Lease of an orchard in Illinois

I was hoping to get some advice about the logistics of leasing an orchard. Specifically, where to find individuals/growers interested in leasing an apple orchard. The orchard is located in Lake County, Illinois and sits on 15 acres of beautiful property. The orchard was operational until about 8 years ago. The orchard closed due to the fact that the owners were too old to continue running the property. The orchard is planted with dwarf and semi-dwarf apple trees. Any advice would be greatly appreciated.


Eight years abandoned is a very long time. And perhaps before that it didn’t receive the best of care. So an operator is going to think about what condition the trees are in. And how long would it take to get them into a good condition if that’s even possible at this point.

So my question to you would be what does the orchard look like? How over grown are the trees? Is the orchard worth salvaging?

I’d want to be paid to get it into shape until it’s fit to harvest a good crop. Then we could talk about a lease.


What are you trying to accomplish? A profit or just some delayed tender loving care so things don’t continue to deteriorate?

Welcome to the forum Jonathan! By the way you wrote your initial post, are you implying you are the current owner looking for someone to lease your land? Or is it owned by friends/family?

Pictures of the current state of affairs would likely be beneficial for the folks who are more experienced here to help with an assessment.

As others have said more information about the situation would help us help you. Pictures of the orchard and the trees would help assess the condition of the orchard and what is the best path forward. A detailed description of the orchard would be helpful as well.

What are the goals you’re trying to accomplish? Is it to preserve the legacy of the orchard, or protect the land from development or simply to provide retirement income for the owners?

If you were wanting to lease the land for growing corn or soybeans I think you would have an easier time finding someone to lease it. Your going to have trouble finding someone that has the combination of orchard skills, business experience and the capital needed to get an orchard back in production. Illinois isn’t Michigan or New York. Lake county is near Chicago and is a high income/high cost of living area. How much would a person need to make running the orchard to be able to live in Lake county? I suspect it’s possibly more than the orchard would provide as income.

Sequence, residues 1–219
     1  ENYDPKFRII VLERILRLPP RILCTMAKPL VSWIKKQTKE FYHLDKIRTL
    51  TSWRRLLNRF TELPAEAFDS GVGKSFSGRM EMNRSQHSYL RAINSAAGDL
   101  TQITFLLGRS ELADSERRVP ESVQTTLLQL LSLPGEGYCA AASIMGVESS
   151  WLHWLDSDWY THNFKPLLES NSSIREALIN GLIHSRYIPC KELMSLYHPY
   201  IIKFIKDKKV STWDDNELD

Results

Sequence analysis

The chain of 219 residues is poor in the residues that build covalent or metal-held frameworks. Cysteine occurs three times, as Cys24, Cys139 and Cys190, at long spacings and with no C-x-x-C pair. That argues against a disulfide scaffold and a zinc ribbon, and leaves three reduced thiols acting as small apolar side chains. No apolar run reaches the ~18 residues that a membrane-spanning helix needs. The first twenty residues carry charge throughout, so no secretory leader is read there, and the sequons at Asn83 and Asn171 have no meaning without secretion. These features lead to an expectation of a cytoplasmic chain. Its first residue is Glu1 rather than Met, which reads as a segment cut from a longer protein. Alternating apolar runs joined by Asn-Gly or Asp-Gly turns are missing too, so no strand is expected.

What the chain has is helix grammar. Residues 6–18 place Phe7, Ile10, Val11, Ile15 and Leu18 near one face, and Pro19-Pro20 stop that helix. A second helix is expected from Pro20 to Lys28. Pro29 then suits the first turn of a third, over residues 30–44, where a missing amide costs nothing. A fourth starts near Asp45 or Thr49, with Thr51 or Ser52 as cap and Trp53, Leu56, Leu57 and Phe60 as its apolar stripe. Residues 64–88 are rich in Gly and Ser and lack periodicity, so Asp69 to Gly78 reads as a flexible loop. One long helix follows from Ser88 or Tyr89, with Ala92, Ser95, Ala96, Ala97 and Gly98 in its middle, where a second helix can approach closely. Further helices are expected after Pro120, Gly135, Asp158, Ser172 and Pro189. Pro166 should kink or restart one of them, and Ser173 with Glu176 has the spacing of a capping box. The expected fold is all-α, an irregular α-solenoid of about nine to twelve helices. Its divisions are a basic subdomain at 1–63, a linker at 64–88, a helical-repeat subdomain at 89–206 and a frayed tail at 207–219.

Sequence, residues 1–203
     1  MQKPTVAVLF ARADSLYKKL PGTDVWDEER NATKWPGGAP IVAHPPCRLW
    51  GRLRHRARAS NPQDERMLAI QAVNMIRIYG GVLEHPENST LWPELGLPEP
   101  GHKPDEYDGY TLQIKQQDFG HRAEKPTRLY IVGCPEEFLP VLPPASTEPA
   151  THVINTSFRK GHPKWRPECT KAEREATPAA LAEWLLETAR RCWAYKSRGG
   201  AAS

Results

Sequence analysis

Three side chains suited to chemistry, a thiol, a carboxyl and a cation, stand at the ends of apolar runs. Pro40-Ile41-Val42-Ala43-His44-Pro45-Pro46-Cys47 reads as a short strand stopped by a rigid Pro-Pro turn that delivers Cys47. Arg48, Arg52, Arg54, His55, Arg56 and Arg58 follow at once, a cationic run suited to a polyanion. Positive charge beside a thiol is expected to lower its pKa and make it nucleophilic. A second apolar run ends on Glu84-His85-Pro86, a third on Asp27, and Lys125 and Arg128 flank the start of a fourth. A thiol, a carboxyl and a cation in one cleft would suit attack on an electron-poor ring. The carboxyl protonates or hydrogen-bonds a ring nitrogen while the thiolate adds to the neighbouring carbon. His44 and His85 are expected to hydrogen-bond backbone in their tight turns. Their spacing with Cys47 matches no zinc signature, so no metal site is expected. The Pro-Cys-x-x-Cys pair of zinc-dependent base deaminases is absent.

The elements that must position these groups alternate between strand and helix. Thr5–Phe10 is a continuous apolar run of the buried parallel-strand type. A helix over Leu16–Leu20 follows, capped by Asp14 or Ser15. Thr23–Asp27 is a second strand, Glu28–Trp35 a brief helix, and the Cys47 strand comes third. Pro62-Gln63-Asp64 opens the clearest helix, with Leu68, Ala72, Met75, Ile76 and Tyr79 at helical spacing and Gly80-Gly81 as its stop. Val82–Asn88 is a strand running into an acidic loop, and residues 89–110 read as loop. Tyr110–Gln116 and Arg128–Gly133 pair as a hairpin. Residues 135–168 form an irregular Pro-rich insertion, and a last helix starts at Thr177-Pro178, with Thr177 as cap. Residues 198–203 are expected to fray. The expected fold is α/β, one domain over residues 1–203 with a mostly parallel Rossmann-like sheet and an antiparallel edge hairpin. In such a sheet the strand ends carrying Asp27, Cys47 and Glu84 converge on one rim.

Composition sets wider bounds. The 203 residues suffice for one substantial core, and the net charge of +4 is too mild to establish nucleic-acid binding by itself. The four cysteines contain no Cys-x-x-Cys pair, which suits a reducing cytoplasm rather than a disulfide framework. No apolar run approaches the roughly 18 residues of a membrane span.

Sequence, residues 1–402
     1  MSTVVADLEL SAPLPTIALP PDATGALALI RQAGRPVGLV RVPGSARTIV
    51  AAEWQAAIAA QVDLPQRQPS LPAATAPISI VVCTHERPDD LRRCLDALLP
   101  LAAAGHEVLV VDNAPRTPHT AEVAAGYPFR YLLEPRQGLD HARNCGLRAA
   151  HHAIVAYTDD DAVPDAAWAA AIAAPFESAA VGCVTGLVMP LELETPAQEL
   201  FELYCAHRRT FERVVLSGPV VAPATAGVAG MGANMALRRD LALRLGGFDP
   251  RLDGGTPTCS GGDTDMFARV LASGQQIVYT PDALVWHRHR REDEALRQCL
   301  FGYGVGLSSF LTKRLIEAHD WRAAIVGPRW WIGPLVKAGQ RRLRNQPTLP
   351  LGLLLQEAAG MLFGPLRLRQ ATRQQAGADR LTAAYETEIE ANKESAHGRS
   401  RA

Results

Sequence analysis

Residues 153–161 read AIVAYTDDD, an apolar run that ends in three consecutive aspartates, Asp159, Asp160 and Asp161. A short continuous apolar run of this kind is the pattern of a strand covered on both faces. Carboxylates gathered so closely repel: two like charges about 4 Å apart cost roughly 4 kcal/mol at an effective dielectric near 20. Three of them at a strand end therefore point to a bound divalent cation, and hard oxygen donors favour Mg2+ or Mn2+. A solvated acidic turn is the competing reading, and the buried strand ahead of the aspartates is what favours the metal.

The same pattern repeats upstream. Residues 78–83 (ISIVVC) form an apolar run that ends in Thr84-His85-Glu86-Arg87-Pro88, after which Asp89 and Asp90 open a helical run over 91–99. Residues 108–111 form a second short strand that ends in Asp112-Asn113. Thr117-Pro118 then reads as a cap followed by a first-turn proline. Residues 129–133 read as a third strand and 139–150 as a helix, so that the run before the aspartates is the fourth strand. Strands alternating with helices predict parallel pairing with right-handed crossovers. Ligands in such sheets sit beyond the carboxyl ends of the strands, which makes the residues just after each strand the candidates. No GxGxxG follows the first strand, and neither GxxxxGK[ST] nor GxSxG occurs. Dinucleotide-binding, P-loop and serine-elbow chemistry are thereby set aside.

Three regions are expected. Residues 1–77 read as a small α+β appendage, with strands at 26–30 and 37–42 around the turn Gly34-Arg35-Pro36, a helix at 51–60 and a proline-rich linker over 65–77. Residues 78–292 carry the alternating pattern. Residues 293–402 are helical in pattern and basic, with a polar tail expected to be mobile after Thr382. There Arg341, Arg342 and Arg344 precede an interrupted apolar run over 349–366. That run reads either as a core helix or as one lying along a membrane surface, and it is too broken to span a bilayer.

A knowledgeable person looking to lease is going to ask how profitable was the orchard when it was operating? Did it make money from selling apples or mainly from Ag tourism? Why didn’t the owners hire an orchard manager eight years ago when they got too old to run the orchard themselves? Does the lease include use of buildings, equipment, a well or any of the other things needed by a working orchard? Basically they need to determine if the orchard is a viable business or not. Or if it’s not viable in it’s current form how much money and labor and time will it take to get it to that point.


Thank you all for the questions and suggestions. My initial post was perhaps intentionally a little nebulous for privacy reasons. The Orchard was indeed profitable while it was operating. My parents lived and worked on the property and took meticulous care of the land and the trees. As they aged they eventually closed the business but still tried to keep the trees maintained, albeit to a lesser standard. The idea was for them to live out their later years on the orchard. Unfortunately, a string of bad events side tracked that plan and several years have now passed. My mother still lives in the house on the land. I was hoping to lease the land and trees, at a reasonable price, so that I could use that income to subsidize her cost of living. My goal on the lease was not to make an income but rather help support my last remaining parent. Yes, Lake county Illinois is not Michigan and the cost of living is higher. Ideally, I would love to bring the property back to its former condition. Perhaps I will post some pictures in the next couple of weeks when I return. Thanks again for the input.

I am very far from being knowledgeable in the subject but for what is worth here is some food for thought. I’m sure somebody will chime in if I wander off too far off the mark.

Running any business successfully is not trivial, I would stay away from anybody that doesn’t currently own a profitable orchard. That right there should narrow your field of prospective individuals to literally a handful. I would check with local fruit growers associations, 4H organization, heck the yellow pages for orchard businesses. You can then approach those specific individuals and see if they are interested in growing their operation by leasing your land and orchard. Heck just talking to them should provide you an ungodly amount of information about all sorts of things you don’t even know you don’t know.

To further drive the point; successful people are successful in very specific ways. Failure on the other hand can come in an unlimited number of ways. By leasing to an established orchard that knows how to pull success, you stand half a chance of them being both successful as a business and as an orchard. If you make the mistake of leasing the land to somebody with little business and/or commercial orchard experience, well God only knows what can go wrong regardless of how nice they may be or how many good intentions they could have.


Thanks Don. I think that is sage advice! How things change. I remember there used to be several competing Orchards in Lake county when I was younger. They are all gone now. Thanks again.

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